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Why Einstein was wrong about relativity

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Oct 31, 2008, 9:29:42 AM10/31/08
Why Einstein was wrong about relativity

* 29 October 2008
* Mark Buchanan

IMAGINE you are on a bicycle, pedalling across the cosmos. A beam of
light - perhaps sent off by a distant collapsing star - zings past
you. How fast are you and the light approaching each other? You are
travelling at hardly any speed, so the answer will be more or less
exactly light's speed through the interstellar vacuum, around 300
million metres a second.

Now imagine you abandon pedal power for the day. Bowling along in your
spaceship at half light speed, you meet another light pulse head-on.
What is your speed of approach now? Surely it is just your speed plus
that of the light: in total, one and a half times light speed.

Wrong. Your speed of approach will be the speed of light, no more -
and that's true however fast you are travelling. Welcome to the weird
world of Einstein's special relativity, where as things move faster
they shrink, and where time gets so distorted that even talking about
events being simultaneous is pointless. That all follows, as Albert
Einstein showed, from the fact that light always travels at the same
speed, however you look at it.

Really? Mitchell Feigenbaum, a physicist at The Rockefeller University
in New York, begs to differ. He's the latest and most prominent in a
line of researchers insisting that Einstein's theory has nothing to do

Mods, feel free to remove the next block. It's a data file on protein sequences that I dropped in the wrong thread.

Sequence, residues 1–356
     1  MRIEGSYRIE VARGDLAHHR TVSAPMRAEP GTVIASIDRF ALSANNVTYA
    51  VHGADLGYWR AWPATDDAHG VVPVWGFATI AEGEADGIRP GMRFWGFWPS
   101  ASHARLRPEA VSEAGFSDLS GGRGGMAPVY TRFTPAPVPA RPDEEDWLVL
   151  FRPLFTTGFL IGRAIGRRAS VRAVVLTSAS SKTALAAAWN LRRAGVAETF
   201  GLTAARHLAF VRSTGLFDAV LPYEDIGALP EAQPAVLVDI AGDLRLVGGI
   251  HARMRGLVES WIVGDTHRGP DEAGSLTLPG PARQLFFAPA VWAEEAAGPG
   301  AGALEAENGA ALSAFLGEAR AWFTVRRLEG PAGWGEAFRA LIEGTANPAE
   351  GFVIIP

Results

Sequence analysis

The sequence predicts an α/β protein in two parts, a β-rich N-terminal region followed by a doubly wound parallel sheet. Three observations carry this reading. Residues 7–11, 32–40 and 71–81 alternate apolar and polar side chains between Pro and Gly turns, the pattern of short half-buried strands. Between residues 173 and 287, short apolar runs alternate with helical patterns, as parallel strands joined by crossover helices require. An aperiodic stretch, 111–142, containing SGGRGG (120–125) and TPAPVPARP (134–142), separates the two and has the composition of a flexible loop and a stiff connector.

with light - whatever history and the textbooks might say. "Not only
is it not necessary," he says, "but there's absolutely no room in the
theory for it."

What's more, Feigenbaum claims in a paper on the arXiv preprint server
that has yet to be peer-reviewed, if only the father of relativity,
Galileo Galilei, had known a little more modern mathematics back in
the 17th century, he could have got as far as Einstein did
( "Galileo's thoughts are almost 400
years old," he says. "But they're still extraordinarily potent.
They're enough on their own to give Einstein's relativity, without any
additional knowledge."

The claim has got other physicists thinking. Take Feigenbaum's
argument a step further, some say, and we might long ago have seen our
way not only to Einstein's relativity but also to the idea of an
expanding universe - even one whose expansion is accelerating -
without the intellectual upheavals that have led us to those
conclusions today.

The discussion centres on two assumptions that Einstein made when
formulating his special theory of relativity in 1905. The first is
uncontroversial: that the laws of physics should look the same to
anyone at rest or moving steadily. Say I am standing motionless and
you are moving past on a train travelling at a constant speed in a
straight line - in other words, at a constant velocity. To you on the
train, I am the one who seems to be moving. But it does not actually
matter who is "really" moving relative to whom: although perceived
velocities depend on one's point of view, the physical laws governing
motion stay the same.

This is the principle of relativity proposed by Galileo in A Dialogue
Concerning the Two Chief World Systems, his treatise of 1632 that got
him into hot water with the Catholic church for discussing
Copernicus's idea that Earth goes round the sun. Galileo writes of a
passenger inside a ship who cannot tell if it is moving or standing
still "so long as the motion is uniform and not fluctuating this way
and that". The analogy was aimed at those sceptics who believed that
Earth could not be moving because they could not feel it.

Galileo's relativity served well for almost 250 years. But when
Scottish physicist James Clerk Maxwell derived his theory of
electricity and magnetism in the late 19th century, it hit a snag.
Maxwell's equations make clear that light is a wave travelling at a
constant speed. But oddly, they do not mention from whose point of
view this speed is measured.